Q: My mom has separate and community property, where would her medical debt be paid out from.
She was married for 4 years but at here job for 17 years 13 years is separate property and the other 4 was community but during the last year she accumulated medical bills so I’m trying to see if her husband would have to pay from his community property or it would come out both community and separate. Cause as far as funeral and everything else I had to pay out of pocket.
Up to $15,000 of funeral expenses and up to an additional $15,000 of medical expenses associated with your mom’s final illness must be paid out of your mom’s estate as a priority claim before any other debts or expenses are paid.
If you paid funeral expenses out of pocket, you need to gather your receipts and present them to the personal representative of your mother’s estate for reimbursement.
Similarly, any medical bills you have received for your mom’s health care need to be forwarded to the personal representative of her estate for payment.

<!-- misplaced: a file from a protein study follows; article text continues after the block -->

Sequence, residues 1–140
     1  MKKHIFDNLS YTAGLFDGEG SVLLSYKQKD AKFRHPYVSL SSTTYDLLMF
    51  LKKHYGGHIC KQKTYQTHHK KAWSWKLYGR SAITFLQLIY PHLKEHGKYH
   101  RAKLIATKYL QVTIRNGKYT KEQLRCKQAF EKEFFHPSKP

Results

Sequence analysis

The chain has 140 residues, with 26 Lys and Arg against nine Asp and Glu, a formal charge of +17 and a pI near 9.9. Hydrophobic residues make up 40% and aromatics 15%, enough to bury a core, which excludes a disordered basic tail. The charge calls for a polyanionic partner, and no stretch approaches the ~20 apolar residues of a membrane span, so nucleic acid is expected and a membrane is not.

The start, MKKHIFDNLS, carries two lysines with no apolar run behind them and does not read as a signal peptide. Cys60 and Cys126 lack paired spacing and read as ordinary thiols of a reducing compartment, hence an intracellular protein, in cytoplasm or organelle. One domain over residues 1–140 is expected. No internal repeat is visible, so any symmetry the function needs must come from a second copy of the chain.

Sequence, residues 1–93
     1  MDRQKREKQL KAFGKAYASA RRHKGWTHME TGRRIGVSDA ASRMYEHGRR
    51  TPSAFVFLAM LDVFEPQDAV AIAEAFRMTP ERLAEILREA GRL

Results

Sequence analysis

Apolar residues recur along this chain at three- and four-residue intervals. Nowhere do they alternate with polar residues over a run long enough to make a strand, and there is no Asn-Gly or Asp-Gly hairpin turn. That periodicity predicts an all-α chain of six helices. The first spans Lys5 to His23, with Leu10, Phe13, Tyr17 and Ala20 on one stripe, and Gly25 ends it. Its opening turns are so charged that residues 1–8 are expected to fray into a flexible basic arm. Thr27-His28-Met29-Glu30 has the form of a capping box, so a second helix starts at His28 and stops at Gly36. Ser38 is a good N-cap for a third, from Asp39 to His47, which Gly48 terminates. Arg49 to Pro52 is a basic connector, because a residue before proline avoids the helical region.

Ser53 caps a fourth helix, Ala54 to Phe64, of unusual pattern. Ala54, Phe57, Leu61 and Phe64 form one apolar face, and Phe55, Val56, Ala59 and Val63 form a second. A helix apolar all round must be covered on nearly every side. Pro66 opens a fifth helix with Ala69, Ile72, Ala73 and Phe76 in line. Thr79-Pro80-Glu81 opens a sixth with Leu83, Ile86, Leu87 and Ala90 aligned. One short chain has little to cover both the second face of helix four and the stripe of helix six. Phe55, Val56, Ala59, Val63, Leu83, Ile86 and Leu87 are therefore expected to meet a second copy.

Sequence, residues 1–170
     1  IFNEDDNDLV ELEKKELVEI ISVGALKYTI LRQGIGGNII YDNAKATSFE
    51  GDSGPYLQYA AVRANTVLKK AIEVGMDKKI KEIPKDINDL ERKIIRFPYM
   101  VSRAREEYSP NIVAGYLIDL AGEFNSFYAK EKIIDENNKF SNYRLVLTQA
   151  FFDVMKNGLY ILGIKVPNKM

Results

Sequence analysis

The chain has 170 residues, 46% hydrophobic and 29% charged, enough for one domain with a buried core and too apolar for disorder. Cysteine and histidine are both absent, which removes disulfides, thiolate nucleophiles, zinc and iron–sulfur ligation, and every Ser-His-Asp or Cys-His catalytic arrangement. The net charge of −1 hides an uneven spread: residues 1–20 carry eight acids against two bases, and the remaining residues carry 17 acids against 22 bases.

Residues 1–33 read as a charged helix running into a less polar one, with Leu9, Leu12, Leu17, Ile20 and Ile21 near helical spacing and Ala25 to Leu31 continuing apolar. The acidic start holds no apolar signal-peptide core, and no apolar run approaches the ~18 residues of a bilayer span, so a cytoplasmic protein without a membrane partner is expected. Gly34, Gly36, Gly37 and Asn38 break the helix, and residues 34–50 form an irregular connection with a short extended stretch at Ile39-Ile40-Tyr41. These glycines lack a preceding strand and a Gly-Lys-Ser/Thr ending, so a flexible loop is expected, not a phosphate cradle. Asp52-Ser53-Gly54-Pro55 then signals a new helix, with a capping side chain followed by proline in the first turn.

If your mom’s legitimate necessary medical expenses cannot be satisfied from the assets in your mom’s estate, her husband may be personally liable for such expenses.
As an heir of your mom’s estate, you need to leave these decisions to the personal representative of her estate, the probate attorney assisting that representative, and the probate court. The Texas Estates Code prescribes the order in which different classes of debts and liabilities are to be paid out of your mom’s estate prior to any distribution of property to her heirs.
In general, if your mother incurred the medical debt while she was married, the debt may be considered "community debt". This means that the debt would be paid out of the community property, which includes property that was acquired during the marriage.
However, if the medical debt was incurred before the marriage or after the couple separated, it may be considered "separate debt". In this case, the debt would be paid out of your mother's separate property, which includes property that she owned before the marriage or acquired during the marriage through inheritance or as a gift.
In Texas, community property is divided equally between the spouses upon divorce or death, and each spouse is generally responsible for paying their share of the community debts.
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